This article has been viewed.448 times,
your comments are welcome
In the haze of the lacerating bashing on Monday, I shared my view of the president’s address on Facebook. Sometimes, I do this in that social crucible to distill the opinions of a cross section of people on a subject – in view of an impending treatise.
“It will only take a pliable and malleable god to please some Nigerians. The president did a broadcast and addressed minatory issues – ethnic tension, Igbo quit notice and hate messages – affecting the country; yet some citizens think his speech was vacuous. I may not like this government, but President Buhari hit the core issues of the moment in his address. It shows he is attuned to the rhythm of the times,” I wrote.
My takeaway from reactions to this piece was that some Nigerians expected more than a five-minute speech. They wanted a long and detailed “epistle” touching all national crevices. But I am of view that the president addressed the bleeding issues of the moment with precision and gravitas in that speech.
Two days before the broadcast, I wrote an article to nudge the president on some of the issues that required exigent tackling. One of the issues was “the Igbo quite notice”.
Lest we forget, two few months ago, some northern youth groups asked the Igbo to leave the region by October 1. Despite peace meetings and entreaties, the groups stuck to their guns.
Although, Acting President Yemi Osinbajo subtly waded into the matter, the northern youth did not withdraw their threat.
In the article, I urged Buhari, being from the north and with an irrepressible following in the region, to make a deft and definite statement by stepping in. I am glad he did that duty.
I am elated that 72 hours after his declaration that Nigerians are free to live anywhere in the country, Arewa youth did a volte-face – they withdrew their threat.
As it is, Buhari may have saved Ndi Igbo in the north from doom. We may not appreciate the magnitude of his intervention, but he has dealt a coup de grace to a very potent threat. Well, he is the president.
Also, just days ago, there was a hate-brewed song targeting the Igbo rippling in the north; coupled with the quit notice, it was clear that the situation might combust.
As a matter of fact, it is reassuring that in his first speech since his return from the UK, the president chose to intervene in this direction.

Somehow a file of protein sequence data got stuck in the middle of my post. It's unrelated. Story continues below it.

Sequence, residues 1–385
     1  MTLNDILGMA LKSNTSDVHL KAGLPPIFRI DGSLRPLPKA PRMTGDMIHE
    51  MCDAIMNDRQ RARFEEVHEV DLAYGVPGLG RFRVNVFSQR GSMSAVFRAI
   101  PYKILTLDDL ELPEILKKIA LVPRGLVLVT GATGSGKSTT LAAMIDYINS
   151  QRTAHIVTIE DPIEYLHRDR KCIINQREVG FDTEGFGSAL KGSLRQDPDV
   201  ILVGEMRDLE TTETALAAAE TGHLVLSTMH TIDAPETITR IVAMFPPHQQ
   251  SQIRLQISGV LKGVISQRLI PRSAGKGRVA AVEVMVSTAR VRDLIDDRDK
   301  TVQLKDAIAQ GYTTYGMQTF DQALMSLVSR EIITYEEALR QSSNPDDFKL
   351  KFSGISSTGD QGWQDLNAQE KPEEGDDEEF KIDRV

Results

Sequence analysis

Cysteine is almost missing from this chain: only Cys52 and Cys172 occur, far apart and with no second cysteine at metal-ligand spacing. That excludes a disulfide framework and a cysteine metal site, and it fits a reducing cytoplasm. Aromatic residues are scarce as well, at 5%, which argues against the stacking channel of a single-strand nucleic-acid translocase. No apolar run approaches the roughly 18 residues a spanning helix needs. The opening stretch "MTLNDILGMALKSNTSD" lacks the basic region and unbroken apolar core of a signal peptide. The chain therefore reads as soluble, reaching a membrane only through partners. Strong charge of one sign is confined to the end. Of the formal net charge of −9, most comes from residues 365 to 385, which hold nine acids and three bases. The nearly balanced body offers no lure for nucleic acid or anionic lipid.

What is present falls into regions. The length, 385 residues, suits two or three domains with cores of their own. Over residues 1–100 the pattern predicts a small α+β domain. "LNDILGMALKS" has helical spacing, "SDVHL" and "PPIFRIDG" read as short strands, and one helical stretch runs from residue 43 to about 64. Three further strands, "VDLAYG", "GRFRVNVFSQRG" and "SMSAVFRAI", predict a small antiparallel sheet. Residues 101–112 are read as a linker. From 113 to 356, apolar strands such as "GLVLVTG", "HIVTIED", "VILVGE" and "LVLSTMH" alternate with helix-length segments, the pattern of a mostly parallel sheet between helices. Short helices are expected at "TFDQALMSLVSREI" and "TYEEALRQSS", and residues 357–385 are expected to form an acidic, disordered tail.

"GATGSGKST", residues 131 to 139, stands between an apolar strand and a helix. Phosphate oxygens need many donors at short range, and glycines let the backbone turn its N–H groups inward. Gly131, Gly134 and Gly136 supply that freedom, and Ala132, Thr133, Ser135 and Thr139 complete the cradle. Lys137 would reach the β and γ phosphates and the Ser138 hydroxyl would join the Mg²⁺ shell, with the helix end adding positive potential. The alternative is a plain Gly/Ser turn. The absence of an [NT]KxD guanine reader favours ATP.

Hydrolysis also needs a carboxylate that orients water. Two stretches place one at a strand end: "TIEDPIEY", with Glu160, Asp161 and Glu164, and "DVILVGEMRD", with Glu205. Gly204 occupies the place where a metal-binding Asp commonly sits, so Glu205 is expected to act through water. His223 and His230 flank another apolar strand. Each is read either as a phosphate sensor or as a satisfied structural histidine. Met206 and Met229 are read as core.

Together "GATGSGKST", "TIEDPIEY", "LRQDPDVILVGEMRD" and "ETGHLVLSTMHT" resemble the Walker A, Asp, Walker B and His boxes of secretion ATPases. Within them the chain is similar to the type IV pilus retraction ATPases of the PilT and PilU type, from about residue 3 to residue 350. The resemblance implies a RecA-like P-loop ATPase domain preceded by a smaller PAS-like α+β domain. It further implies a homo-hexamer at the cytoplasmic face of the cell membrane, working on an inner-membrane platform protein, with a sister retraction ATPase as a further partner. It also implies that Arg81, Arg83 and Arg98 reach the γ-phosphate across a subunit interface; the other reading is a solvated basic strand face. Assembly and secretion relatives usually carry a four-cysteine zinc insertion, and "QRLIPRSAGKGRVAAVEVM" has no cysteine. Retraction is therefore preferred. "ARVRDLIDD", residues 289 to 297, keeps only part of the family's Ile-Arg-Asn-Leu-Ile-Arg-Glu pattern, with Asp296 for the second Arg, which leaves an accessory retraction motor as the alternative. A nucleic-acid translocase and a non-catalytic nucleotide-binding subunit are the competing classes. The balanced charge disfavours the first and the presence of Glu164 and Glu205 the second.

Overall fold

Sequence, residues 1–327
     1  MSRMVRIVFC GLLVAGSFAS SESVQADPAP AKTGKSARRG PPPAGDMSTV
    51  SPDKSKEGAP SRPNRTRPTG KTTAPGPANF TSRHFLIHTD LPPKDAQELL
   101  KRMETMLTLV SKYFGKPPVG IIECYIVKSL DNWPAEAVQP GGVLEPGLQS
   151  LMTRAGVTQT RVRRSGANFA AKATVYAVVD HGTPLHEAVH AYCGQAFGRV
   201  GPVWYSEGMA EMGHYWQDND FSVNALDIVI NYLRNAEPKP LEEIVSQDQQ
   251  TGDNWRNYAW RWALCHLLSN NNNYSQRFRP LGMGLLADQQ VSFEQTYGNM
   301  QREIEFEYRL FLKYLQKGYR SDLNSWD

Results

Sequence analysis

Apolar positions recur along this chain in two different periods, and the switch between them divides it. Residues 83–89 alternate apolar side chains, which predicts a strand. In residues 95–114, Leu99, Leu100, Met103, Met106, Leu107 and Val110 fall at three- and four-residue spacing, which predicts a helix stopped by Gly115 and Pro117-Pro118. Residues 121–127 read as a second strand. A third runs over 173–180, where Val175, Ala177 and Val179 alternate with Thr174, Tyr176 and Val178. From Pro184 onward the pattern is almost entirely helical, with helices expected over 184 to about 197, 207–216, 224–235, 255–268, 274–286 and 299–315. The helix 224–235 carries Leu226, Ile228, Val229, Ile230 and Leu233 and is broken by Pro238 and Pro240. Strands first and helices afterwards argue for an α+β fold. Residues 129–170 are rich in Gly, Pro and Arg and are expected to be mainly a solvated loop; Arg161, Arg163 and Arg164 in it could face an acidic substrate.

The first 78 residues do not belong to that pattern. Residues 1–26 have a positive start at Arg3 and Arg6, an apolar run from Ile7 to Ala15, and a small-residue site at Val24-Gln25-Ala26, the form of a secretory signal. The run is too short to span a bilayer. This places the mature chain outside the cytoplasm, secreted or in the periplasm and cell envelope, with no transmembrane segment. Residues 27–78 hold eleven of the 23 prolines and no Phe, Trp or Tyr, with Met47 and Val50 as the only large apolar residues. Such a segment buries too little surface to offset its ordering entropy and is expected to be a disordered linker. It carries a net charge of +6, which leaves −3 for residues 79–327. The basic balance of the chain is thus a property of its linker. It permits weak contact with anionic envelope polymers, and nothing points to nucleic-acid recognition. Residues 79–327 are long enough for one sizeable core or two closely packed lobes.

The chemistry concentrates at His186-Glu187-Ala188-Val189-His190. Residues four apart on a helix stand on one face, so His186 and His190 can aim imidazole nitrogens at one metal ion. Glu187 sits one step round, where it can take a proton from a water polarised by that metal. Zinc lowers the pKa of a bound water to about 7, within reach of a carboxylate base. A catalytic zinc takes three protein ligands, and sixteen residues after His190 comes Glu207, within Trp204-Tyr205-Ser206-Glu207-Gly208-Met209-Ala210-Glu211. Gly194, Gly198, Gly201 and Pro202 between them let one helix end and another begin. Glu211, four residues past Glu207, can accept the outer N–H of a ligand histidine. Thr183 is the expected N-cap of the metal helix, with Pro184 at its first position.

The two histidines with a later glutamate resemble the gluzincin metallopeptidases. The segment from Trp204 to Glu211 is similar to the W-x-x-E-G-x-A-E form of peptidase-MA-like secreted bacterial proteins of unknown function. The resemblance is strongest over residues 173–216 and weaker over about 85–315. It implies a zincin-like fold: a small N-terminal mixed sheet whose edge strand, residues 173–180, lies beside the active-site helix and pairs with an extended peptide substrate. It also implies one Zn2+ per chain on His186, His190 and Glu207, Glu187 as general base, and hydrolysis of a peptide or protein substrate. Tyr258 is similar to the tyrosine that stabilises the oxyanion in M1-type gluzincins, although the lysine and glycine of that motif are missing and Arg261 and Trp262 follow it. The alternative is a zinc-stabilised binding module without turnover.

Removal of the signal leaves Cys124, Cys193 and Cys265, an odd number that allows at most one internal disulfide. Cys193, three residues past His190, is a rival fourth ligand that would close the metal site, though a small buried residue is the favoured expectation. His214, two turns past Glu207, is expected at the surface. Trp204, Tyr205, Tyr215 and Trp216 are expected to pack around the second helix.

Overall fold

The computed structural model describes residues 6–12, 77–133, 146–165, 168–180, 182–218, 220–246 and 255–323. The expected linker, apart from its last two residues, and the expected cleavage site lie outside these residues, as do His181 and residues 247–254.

I must admit that the speech might not have contained all the fine details that Nigerians desire, but it addressed the vitals of the moment. At present, Nigeria is teetering on the brink of a hate war, and its existence is threatened; it was judicious of the president to have planted his speech on unity.
In conclusion, I believe in the coming days the president will tackle other issues. But I must add that his government is fasting chipping away at its support. I had great optimism when this government took charge of the country’s affairs two years ago, but that optimism has evaporated. For the good of toiling and long-suffering Nigerians, I hope the president wakes up and save the day.
In defence of Garba Shehu
Shehu has come under a fusillade of attacks for being brutally honest about rodents in the president’s office. It is a tough job for the man, but I believe he is fending off the missiles well. Although, it sounds ludicrous that there are rodents in the president’s office – the reason he is working from his residence – but it is a possibility. Shehu’s only offence was being honest about the situation. When Buhari came back from his first trip to the UK in March, the same Shehu told Nigerians that the president would be working from his residence based on his doctor’s advice. Why would he want to pool wool over the eyes of citizens now? Enough of the unnecessary attacks please.
Force did not kill Niger Delta militancy and OPC; it will not kill IPOB ‘secret police’
In Nigeria, ethnic “police” or militants have always risen on the wings of the frustration of a certain group. They start off as civil watchdogs, and then descend into barbarity. I remember how the Odua Peoples Congress (OPC) which initially won the support of most people in the south-west by dint of its feats became a figure of brutality and assault.
The Obasanjo government did all it could to crush OPC, but it could not extirpate the group. The government arrested and paraded Gani Adams, the leader of the group, like a criminal on national TV. But today, Adams is an influential chief in the south-west, and OPC still breathes, albeit, gently. Also, the same Obasanjo government unleashed force on militants in the Niger Delta, but that did not solve the problem. Umaru Musa Yar’ Adua, his successor, ended up begging them for peace, and I am aware that the Buhari government is negotiating with their elders now. So, the government should take care in dealing with IPOB and its secret police, considering the charge given to military chiefs by the president on Tuesday to tackle the group. Naked force and brutal crackdown will only make IPOB go underground, and who knows the monster that may emerge afterwards.
I suggest dialogue now that it is still morning. But why do we have to keep saying this? Have we forgotten how Boko Haram started?